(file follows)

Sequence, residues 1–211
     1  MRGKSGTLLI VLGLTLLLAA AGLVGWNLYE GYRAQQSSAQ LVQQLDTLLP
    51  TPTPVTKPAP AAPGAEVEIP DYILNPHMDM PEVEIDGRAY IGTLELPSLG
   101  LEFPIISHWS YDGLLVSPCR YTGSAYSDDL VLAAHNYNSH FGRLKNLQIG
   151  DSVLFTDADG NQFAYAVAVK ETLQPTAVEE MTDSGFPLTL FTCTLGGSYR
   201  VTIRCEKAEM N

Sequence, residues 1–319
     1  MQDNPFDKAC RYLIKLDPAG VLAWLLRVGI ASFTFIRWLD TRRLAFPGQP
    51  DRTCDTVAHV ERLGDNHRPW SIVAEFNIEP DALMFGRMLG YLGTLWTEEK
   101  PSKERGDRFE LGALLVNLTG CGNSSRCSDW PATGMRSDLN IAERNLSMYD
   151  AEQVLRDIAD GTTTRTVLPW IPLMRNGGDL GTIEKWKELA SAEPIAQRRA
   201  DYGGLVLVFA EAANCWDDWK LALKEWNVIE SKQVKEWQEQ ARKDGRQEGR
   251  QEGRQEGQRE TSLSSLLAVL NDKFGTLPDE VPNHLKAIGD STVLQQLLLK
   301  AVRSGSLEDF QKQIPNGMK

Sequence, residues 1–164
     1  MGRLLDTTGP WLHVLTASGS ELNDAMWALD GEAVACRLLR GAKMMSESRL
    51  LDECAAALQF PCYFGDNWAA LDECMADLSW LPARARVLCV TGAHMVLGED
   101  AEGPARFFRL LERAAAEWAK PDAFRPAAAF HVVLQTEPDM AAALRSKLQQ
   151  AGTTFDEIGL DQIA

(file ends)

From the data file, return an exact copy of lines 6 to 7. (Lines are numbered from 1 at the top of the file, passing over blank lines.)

   201  VTIRCEKAEM N

Sequence, residues 1–319